It’s been a month since our carpet and tile was taken out and the reflooring was interrupted by the discovery of a leak in the master shower. Since that time we’ve been living with and walking on unfinished cement floors, which are in a constant state of erosion. The furniture still sits where it doesn’t belong and my clothes, the counters, the dishes and glasses, the bath towels, and the bedding are all coated with dust. At this point I have been gritty for weeks and my dust allergy has me popping Sudafed and Claritin several times a day.
Since I’m inhaling grit in my home, it’s no wonder that I feel the need for some fresh air. And what a happy coincidence that the local chapter of Habitat for Humanity decided that quick, they’d better get that house painted because we’re fixing to have several days of rain.
Habitat’s David’s thing, not mine, but this isn’t their scheduled day, which means many of the regulars won’t be available.
“I’ll come and paint as long as I won’t end up standing around waiting for decisions to be made.”
I have a picture in my head of several well-intentioned workers slumping aimlessly in a circle around a can of paint, brushes in hand, as they await direction, but the people in charge are so reluctant to sound bossy that the workers never receive clear instructions. Being subjected to dithering leaders is the worst thing about charity work.
“We’ll be happy to have you,” David says, glad that I’m coming out of my house-focused funk. “There’s plenty of painting to go around.”
Seventy degrees and humid with a pleasant breeze. Hard to believe that three days ago it was down to twenty-seven. I arrive late because I must let our work crew in before taking off. At the Habitat House I’m greeted and made to feel welcome by the other volunteers. I’m given a paintbrush and told to get started. So much for my fear of ditherers.
I introduce myself to the man painting to my right. He tells me that he’s been building Habitat houses since 2001. Worked on twenty of them. Good for him.
I dip my brush and start poking at the wall. I’m not gifted in this area. I tend to scrub instead of stroke.
“I’ve got to leave for a doctor’s appointment,” one guy announces to the whole group. “I’ll be back in half an hour.”
This draws laughter because the guy’s delusional. A doctor appointment eats up at least two hours.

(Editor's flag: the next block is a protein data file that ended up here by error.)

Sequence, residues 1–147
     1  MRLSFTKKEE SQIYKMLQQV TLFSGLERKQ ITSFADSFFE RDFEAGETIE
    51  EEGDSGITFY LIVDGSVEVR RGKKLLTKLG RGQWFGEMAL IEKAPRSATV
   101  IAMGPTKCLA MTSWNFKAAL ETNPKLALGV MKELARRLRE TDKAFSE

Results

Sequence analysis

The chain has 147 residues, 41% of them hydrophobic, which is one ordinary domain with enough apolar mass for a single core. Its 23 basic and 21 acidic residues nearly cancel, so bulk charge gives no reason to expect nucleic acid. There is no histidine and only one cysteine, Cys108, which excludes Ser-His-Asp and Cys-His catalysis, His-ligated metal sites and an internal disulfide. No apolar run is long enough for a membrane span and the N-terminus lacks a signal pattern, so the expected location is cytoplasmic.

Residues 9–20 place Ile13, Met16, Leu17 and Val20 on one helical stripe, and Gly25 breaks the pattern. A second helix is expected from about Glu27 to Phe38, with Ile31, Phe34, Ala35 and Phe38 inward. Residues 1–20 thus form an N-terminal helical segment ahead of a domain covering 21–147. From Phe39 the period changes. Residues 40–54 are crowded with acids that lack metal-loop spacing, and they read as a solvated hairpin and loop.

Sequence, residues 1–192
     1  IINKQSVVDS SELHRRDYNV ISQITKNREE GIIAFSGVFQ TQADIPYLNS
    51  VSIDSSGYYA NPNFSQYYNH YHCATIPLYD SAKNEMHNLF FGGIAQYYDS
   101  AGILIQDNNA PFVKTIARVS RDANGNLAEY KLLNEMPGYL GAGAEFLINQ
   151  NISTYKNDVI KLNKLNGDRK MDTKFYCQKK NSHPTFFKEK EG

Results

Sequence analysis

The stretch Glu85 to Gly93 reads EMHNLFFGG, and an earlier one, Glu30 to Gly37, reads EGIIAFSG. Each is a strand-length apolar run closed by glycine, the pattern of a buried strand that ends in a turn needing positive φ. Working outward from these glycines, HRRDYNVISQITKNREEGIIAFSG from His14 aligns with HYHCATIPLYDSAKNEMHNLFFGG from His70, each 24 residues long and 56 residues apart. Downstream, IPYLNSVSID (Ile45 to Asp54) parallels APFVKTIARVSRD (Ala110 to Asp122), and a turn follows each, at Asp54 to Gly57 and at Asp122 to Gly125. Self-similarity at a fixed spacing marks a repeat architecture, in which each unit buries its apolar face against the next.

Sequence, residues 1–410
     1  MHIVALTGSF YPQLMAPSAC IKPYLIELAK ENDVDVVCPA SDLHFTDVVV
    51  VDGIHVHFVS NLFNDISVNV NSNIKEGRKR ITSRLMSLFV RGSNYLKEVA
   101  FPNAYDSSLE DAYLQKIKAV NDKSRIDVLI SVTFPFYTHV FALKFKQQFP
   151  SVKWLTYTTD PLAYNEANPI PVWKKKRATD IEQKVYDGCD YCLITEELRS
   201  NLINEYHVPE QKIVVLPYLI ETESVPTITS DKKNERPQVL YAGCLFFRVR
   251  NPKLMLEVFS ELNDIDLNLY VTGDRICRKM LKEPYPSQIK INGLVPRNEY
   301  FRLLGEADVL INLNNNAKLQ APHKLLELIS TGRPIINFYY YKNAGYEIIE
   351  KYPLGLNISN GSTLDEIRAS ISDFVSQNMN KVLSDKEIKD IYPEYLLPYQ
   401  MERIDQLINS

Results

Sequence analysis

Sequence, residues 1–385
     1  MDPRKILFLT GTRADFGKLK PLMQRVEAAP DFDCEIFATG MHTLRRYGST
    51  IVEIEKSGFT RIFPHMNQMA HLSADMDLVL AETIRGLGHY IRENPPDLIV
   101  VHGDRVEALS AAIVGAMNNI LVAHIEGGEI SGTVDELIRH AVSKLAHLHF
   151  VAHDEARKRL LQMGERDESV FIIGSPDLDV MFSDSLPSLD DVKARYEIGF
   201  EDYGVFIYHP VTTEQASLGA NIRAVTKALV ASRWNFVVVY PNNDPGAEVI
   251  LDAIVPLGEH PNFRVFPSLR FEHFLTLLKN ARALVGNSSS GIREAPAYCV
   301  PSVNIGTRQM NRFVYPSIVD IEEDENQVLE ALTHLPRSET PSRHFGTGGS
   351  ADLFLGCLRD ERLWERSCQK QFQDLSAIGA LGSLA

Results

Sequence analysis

Another painter calls the shade of paint “Babyshit,” which is funny because it’s true.
One thing about Marble Falls is that there are no zoning restrictions. You might find a real nice house adjacent to a falling down one. Next to this house on one side is another house, similar because it’s also Habitat-built. However, on the other side is a property that’s a cluttered disturbing slummy mess—leaning walls, bald roof, screens curled, dirty walls surrounded by dirt. Old stuff propped against more old stuff—mattresses, poles that serve no purpose, rusted tools.
The man and woman who live in this long-neglected house wander over. The woman is tall and thin and there’s something disarranged about her features. She walks up the steps and enters the house as though she has a place here. She remarks on the progress and when people cease to pay attention she continues talk, talk, talking to no one as she shuffles through the construction zone like a spook. The man who came with her takes a place on a bench and, with a vacant eye, watches us paint. He seems to possess no volition. I find the pair disturbing.
“What’s with those two?” I ask my co-workers.
“They hang out and watch.” The man on my right is clearly confounded. “We’re they entertainment. Like they have nothing better to do.”
“Looks like mental illness to me.” I say this because this couple is acting crazy and they must be doing it for a reason.
“The city’s fined ’em twenty-five thousand on account of the state of that lot,” says the guy on my left.
“I think they’re trying to get ’em out of there.” From the right.
“It’s their home. Where would they go?” I ask. “Marble Falls isn’t in the business of creating a homeless class.”
“It’s a puzzle.”
Mostly the conversation is made up of grumbling about the lack of a leader in the building of this house. From the beginning a lot of bickering and hurt feelings took place and continued to take place until the person who had agreed to take on the role of Head Guy resigned. These people I’m working with today view this as a hindrance, but I’m not seeing it. The house looks good and it will be finished on schedule. Everyone’s working together and they’re all getting along. The electrician, roofer, and plumber have done what they said they’d do. All this success without somebody hovering around dithering over what to do next and how to do it. What could be better than that?